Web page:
Thursday, January 30, 2014

Frei Ministries Feature Story by Marie Bakken

On Decemeber 5, 2012 our friend Marie Bakken, Rockdale Reporter staff writer, published the below article. We are so thankful for her willingness to write and share our story/His story to the many who read the paper. She graciously has allowed us to republish it on our blog - which includes our calling and details about what we are doing in the Philippines. Thanks, Marie.

Imagine being thousands of miles from where you grew up, on the other side of the world perhaps, awaiting the strongest typhoon ever to hit your new home country, your spouse and three small children, along with the orphans who are staying in your home instead of sleeping outside on a table where they usually sleep. And you are OK with this because that is exactly where God needs you to be.
“Without His hand of protection over my house, my family, we should be dead,” 29-year-old missionary Ashley Frei recently told a large crowd at Milano First Baptist Church during one of her many talks while she was home on a two week leave recently, after Typhoon Haiyan hit her family’s new home in Malay, Philippines.
Typhoon Haiyan, known as Typhoon Yolanda in the Philippines, was an exceptionally powerful tropical cyclone that devastated portions of Southeast Asia, particularly the Philippines, in early November. It is the deadliest Philippine typhoon on record, killing at least 5,680 people in that country alone.
Haiyan is also the strongest storm recorded at landfall, and unofficially the fourth strongest typhoon ever recorded in terms of wind speed.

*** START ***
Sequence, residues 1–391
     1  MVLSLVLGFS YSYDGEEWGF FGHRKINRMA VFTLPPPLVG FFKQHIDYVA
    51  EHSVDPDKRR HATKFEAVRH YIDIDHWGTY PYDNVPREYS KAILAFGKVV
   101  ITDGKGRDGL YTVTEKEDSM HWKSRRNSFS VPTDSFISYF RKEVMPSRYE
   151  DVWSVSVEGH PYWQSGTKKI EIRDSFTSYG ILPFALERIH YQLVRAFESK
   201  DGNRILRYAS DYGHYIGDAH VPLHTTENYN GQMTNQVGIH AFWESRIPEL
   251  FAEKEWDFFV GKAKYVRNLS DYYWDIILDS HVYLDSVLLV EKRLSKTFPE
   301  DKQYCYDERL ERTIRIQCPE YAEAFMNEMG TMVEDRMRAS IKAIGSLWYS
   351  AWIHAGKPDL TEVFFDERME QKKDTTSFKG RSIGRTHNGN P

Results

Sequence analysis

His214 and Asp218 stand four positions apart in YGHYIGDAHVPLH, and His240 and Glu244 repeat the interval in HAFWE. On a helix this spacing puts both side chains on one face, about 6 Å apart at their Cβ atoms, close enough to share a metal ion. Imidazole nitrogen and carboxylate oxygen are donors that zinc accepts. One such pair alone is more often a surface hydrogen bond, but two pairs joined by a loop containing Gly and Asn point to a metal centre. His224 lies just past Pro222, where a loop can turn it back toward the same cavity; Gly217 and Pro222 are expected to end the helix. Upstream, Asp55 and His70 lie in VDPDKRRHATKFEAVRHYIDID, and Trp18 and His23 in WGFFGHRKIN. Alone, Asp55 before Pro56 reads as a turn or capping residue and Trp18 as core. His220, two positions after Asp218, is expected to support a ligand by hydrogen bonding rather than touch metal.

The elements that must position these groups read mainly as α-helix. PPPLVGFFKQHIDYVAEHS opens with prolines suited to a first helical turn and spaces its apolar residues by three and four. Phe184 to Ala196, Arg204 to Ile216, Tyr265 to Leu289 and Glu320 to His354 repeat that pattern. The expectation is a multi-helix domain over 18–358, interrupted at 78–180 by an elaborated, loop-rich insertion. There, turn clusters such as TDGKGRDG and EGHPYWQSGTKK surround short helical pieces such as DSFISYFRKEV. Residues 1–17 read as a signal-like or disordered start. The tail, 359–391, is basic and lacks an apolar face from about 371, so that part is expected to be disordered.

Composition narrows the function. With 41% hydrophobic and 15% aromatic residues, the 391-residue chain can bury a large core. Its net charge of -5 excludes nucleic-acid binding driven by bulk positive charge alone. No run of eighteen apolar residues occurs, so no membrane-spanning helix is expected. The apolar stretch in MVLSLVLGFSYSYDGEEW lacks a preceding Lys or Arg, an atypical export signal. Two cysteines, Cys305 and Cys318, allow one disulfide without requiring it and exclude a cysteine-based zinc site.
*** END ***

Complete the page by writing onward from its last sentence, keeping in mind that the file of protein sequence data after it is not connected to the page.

CALLING—James and Ashley Frei both grew up in the Central Texas area. James, 31, graduated from Rosebud-Lott High School and Ashley is a Milano High School graduate. The two have been married almost eight years and have three small children Daniel (6), Lydia (4) and Samuel (2). Earlier this year The Frei’s followed God’s calling on their lives to be missionaries, sold everything they owned and moved to the other side of the world.
James left to get things together on Aug. 19, with Ashley and the children joining him on Sept. 17.
ATI PEOPLE—In Malay, they fight to live each and every day, especially the Ati people, according to Ashley.
“The Japanese hated the Ati people and invasions of the Philippines during World War II caused the Ati to either be killed or flee to the mountains, like in Malay,” she said. “Over there the Ati people are considered scum. They can’t go to public school or shop at the market.”
Ashley teaches at the elementary school where her two oldest kids are also students with the Ati people. The Kindergarten class ranges in children ages 4-14. It is because the Ati people are the lower class in Malay.
By the time the young boys reach the age of four, they are considered old enough to take care of themselves. The girls are “kept” so that they can more than likely be sold to earn the family money.
FEEDINGS—The Frei's do feedings each day to various parts of the island. One in particular they do is a 40-minute hike (with food for the feeding in tow, along with their three children) up a mountain. There they have 75 small, malnourished mouths to feed.